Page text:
Here was have another one of Sam's Surprises, as Samuelsson's quick wrist shot is blocked by Derek Brassard, sails high in the air, and lands behind Steve Mason for the goal. It concerns me that the Canucks scored two goals of this sort last season--hopefully we didn't use up all of our flukes in 09-10.

21. Feb. 14 vs. the Minnesota Wild (at 6:41 of clip)
Another Samuelsson shot that surprises everyone. This time, he's sent in alone by Kesler, and I don't mean on a breakaway. I mean he's by himself and there's no rush developing. Still, he just skates in and snaps an unexpected wrist shot, and it goes in. It's old hat for him by now and it's more of a tendency than an anomaly, which is likely why Kesler sprung him like that.

The first in a 9-goals-in-6-games streak that pushed Samuelsson to 30 on the season for the first time in his career, improving on his previous career-high by seven. What sort of goal is it? Another of Sam's Surprises, as Samuelsson comes off the boards and shoots it at a strange time and from a strange angle. Nobody is expecting it, much less Chris Osgood, especially with the Sedins on the ice. You've got those two playmakers, both capable of their wizardous sedinerie, and you shoot the puck willy-nilly? Samuelsson, you're an odd duck.

23. Mar. 5 vs. the Chicago Blackhawks (at 7:59 of clip)
Samuelsson's goal here comes by deflecting an Andrew Alberts shot from the point. Yes, Alberts. Why is he shooting from there? Because the Canucks are down 6-2. They would go on to lose 6-3 in one of the suckiest games of the season for a Canucks fan, but it wasn't all bad. My band, Cinnamon Toast Funk, had a really awesome CD release party that night. I remember checking the score just after Skeeter's band, Hooray For Gooba opened for us, and being sorely disappointed that we were already down 5-1 or something stupid like that.

Holy cow, are these the only type of goals Samuelsson is going to score anymore? Another Sam's surprise, as he takes a slapshot from a stupid angle and it goes in. Note here that if the hockey gods aren't having a laugh, Dan Hamhuis uses his speed and angling ability to prevent a 2-on-1. It's textbook defending, right up to the point where the heavens open up and Samuelsson is kissed by the hand of fate.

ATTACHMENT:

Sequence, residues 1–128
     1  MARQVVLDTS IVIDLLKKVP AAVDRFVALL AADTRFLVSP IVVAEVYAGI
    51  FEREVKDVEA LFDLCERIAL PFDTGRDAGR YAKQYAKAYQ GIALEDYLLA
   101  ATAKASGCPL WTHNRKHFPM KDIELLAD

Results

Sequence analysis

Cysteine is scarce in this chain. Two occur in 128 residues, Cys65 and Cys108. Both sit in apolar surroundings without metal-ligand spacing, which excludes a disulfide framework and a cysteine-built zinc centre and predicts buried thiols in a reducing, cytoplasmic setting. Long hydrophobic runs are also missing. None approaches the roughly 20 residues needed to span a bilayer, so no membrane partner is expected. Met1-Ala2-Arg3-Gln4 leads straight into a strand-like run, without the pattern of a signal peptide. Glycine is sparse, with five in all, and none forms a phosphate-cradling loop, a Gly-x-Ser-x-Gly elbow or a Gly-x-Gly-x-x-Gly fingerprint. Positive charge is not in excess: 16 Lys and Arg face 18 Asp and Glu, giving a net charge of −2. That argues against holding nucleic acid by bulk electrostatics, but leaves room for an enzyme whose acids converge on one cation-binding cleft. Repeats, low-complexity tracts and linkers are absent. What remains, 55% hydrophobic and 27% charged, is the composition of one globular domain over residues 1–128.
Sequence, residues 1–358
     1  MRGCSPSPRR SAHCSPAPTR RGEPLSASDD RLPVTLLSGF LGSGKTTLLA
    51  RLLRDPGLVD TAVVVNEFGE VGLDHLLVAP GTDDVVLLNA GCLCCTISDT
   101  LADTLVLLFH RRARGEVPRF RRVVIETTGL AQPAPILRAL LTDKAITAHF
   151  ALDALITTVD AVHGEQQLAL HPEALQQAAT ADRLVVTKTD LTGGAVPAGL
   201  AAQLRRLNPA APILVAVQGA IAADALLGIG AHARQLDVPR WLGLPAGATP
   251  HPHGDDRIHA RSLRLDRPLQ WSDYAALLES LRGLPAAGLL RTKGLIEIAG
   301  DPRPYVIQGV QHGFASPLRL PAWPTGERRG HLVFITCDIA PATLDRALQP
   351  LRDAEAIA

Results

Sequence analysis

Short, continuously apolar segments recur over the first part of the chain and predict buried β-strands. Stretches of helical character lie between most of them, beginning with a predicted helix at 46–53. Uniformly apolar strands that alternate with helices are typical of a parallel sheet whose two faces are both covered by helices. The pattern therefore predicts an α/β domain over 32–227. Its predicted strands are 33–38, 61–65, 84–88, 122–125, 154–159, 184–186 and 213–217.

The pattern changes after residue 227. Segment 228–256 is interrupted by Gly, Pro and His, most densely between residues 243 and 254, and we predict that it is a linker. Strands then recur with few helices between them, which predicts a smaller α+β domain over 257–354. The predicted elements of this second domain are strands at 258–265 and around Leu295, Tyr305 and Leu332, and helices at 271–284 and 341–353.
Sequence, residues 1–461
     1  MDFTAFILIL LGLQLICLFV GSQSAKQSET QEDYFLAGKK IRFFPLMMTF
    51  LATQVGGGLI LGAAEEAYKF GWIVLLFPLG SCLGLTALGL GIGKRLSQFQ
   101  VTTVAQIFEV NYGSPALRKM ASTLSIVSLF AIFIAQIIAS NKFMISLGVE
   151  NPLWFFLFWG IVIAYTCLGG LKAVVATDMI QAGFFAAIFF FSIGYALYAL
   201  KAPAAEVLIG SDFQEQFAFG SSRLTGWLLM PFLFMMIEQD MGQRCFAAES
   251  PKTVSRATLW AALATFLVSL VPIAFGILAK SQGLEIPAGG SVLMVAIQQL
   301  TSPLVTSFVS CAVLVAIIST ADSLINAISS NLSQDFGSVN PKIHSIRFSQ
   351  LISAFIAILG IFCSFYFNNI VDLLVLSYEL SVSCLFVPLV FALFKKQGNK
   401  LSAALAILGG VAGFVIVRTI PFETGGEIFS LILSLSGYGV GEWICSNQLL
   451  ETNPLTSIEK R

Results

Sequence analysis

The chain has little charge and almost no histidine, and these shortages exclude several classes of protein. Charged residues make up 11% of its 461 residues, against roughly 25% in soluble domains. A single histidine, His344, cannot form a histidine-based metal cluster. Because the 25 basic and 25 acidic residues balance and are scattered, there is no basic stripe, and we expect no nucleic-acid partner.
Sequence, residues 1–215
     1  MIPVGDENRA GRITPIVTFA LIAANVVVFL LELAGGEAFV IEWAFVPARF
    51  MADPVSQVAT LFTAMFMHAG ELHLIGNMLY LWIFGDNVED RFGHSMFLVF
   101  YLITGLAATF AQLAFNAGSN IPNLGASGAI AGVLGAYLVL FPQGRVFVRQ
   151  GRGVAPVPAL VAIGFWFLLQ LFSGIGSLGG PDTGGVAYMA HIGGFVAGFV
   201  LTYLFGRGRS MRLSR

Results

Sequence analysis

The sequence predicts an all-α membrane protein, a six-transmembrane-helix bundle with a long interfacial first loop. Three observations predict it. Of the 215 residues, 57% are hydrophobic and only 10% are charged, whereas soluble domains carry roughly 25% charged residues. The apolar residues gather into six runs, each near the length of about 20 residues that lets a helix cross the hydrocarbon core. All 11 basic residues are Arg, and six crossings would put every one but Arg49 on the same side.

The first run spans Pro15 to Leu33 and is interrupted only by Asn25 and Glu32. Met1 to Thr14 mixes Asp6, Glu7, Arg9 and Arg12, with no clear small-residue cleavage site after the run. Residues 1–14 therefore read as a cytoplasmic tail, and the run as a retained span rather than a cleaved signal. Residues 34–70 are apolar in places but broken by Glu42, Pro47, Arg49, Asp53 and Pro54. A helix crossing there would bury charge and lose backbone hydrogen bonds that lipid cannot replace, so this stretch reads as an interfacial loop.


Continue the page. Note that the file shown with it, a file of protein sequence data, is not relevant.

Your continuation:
I remember this game well. My wife and I were on a vacation in Cannon Beach, and I used Internet powers to pull the game up on her laptop. We were down 3-0. I checked in sporadically, the feed was laggy, and I missed almost everything. But somehow, we won. A large part of that was Mikael Samuelsson's hat trick, which began with this put-back on a Daniel Sedin rebound. Note the guy in the old-school Vancouver Millionaires jersey in the audience. He's so cool, I wish he was my dad.

Samuelsson's second goal of the evening is also on a rebound. So many of his goals last season were. Frankly, they were either rebounds or Sam's surprises; those are the ways he scores.

Samuelsson's hat trick goal is about the laziest tap-in I've ever seen. Look at him. He looks like he's putting. He looks like a less racist Fuzzy Zoeller, he does. I'm also amused by his body language here. I recognize he's watching the puck intently to see if he needs to take another whack at it, but he kind of looks like a boy poking a dead bird with a stick.

Samuelsson's 28th goal of the season comes on a forced turnover by Henrik, who pokes the puck away from Ed Jovanovski. Samuelsson gets it at the side of the net and jams it in.

The 29th goal of the season comes on the power play, as Samuelsson takes a nice pass from the point, courtesy of Pavol Demitra (who would go on to prove in the playoffs that he should never, ever, ever be back there) and fires that patented wrist shot of his.

Samuelsson gets his 30th of the season on his first breakaway goal. Backhand is where Samuelsson goes when deking, so we shouldn't be surprised that's what he does with it this time. It's a nice goal to reach that career landmark and a fitting end to this list. I like Samuelsson. I'm concerned that last season was a career year for him; he'll likely need another one just as good for the Canucks to improve on the 09-10 campaign. Here's hoping he can match his totals. Part of me doubts it, as I'm skeptical he'll get so many fortunate bounces, but this last clip demonstrates that he's got a wicked shot, luck or no luck. If he plays with the Sedins, and he should to start the season, given the Burrows injury, he'll get ample opportunities to use it.


  1. If we were such a great passing team, we probably would've gotten farther in the playoffs, no? Just sayin'.

  2. us being a great passing team has nothing to do with our defensive breakdowns.